Labelling theory and a discussion of how the problem of working-class crime is constructed is unpacked in this paragraph using the work and ideas of Ciçourel and Chambliss. There is not much explicit AO2 content in this paragraph, which should ideally occur in every paragraph.
Both Right and Left realism support the view that crime is a working-class problem. For example, in an approach that marries subcultural theory with Right realism, Murray sees crime as concentrated in an underclass. However, by describing the underclass as living ‘outside society’ (compare with Becker’s ‘outsiders’), Murray could be seen as linking crime not to the working class as such but to a deviant subcultural group beneath the working class. In contrast, Left realists, Lea and Young, see crime as specifically associated with young, black, working-class males. This group is particularly prone to crime because of its subculture and the relative deprivation and marginalisation it faces. However, Left realism has been criticised (like Right realism) for ignoring the crimes of the more powerful sections of society, and for concentrating on street crime.
Both realisms are covered in this paragraph. Although they are very different in their focus, note how the last sentence enables an AO2 evaluation of both.
Of all the perspectives, it is only really Marxism that would challenge the view that crime is a working-class problem. Marxists emphasise the scale of corporate crime and white-collar crime, arguing that thieving and burglary by the working class pales into insignificance in comparison. Croall points out that the seriousness of corporate crime is softened through words like ‘cons’, ‘rip-offs’ and ‘fiddles’. However, critics like Left realists argue that there is a real fear of crime, and it is working-class crime that ordinary people perceive as the problem. Consequently critics argue that victims of robbery and burglary are simply ignored by the traditional Marxist approach.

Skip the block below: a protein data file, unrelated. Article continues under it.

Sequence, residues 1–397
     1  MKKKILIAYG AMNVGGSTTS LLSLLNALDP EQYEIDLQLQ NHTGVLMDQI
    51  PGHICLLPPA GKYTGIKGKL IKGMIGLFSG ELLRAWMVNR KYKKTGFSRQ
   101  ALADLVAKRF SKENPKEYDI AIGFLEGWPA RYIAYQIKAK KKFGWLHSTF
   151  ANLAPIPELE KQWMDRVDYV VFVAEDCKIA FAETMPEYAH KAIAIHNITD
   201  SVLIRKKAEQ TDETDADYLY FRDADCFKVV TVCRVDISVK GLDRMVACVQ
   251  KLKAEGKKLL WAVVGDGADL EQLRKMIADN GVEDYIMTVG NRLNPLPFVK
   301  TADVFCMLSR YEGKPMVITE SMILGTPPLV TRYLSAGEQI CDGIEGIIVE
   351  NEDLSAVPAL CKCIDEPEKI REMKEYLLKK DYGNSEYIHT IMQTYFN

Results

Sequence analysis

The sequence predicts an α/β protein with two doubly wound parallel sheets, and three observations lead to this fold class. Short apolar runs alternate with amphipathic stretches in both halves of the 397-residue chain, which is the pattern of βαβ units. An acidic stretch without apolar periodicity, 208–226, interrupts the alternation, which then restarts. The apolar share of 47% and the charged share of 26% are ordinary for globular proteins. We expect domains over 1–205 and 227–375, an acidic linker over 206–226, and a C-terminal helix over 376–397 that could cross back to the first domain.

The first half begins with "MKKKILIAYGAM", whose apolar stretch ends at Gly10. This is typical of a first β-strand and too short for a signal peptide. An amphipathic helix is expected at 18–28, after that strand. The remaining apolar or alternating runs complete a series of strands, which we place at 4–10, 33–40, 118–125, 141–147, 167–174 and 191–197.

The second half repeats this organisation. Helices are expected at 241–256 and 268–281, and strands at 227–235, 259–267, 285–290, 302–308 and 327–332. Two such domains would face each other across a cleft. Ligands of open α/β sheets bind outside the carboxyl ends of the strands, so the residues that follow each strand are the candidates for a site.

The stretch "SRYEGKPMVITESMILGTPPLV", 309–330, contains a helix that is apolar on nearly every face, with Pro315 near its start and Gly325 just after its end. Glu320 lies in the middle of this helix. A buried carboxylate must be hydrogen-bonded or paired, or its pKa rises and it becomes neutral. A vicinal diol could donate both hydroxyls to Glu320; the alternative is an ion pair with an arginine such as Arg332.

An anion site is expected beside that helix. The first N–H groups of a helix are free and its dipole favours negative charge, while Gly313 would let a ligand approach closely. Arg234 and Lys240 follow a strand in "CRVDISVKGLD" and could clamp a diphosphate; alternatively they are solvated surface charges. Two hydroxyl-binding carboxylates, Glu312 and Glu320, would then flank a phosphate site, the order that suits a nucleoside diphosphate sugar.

The examiners like it when candidates recognise different and contrasting views. Marxists clearly challenge the assumption that crime is a working-class problem. This view is explained and evaluated in this paragraph, gaining AO2 marks.
In conclusion it can be seen that the bulk of sociologists would support the view that crime is a working-class problem. The only significant exception to this view is that held by Marxists who argue that corporate and white-collar crimes are not recognised as a problem because they are largely invisible. With growing awareness of green crime and organised global crime, it is possible that in the future the simplistic link between crime and the working class will be challenged more.
This is a focused conclusion that refers back to the question. While it is not recommended to bring new material into a conclusion, the reflective thoughts of the last sentence could in this case be accepted as they show recognition of social change and thinking ‘outside the box’. Examiners will reward such thinking provided it is relevant to the question.
Gender and crime
1 The ratio of male crime to female crime is over four to one.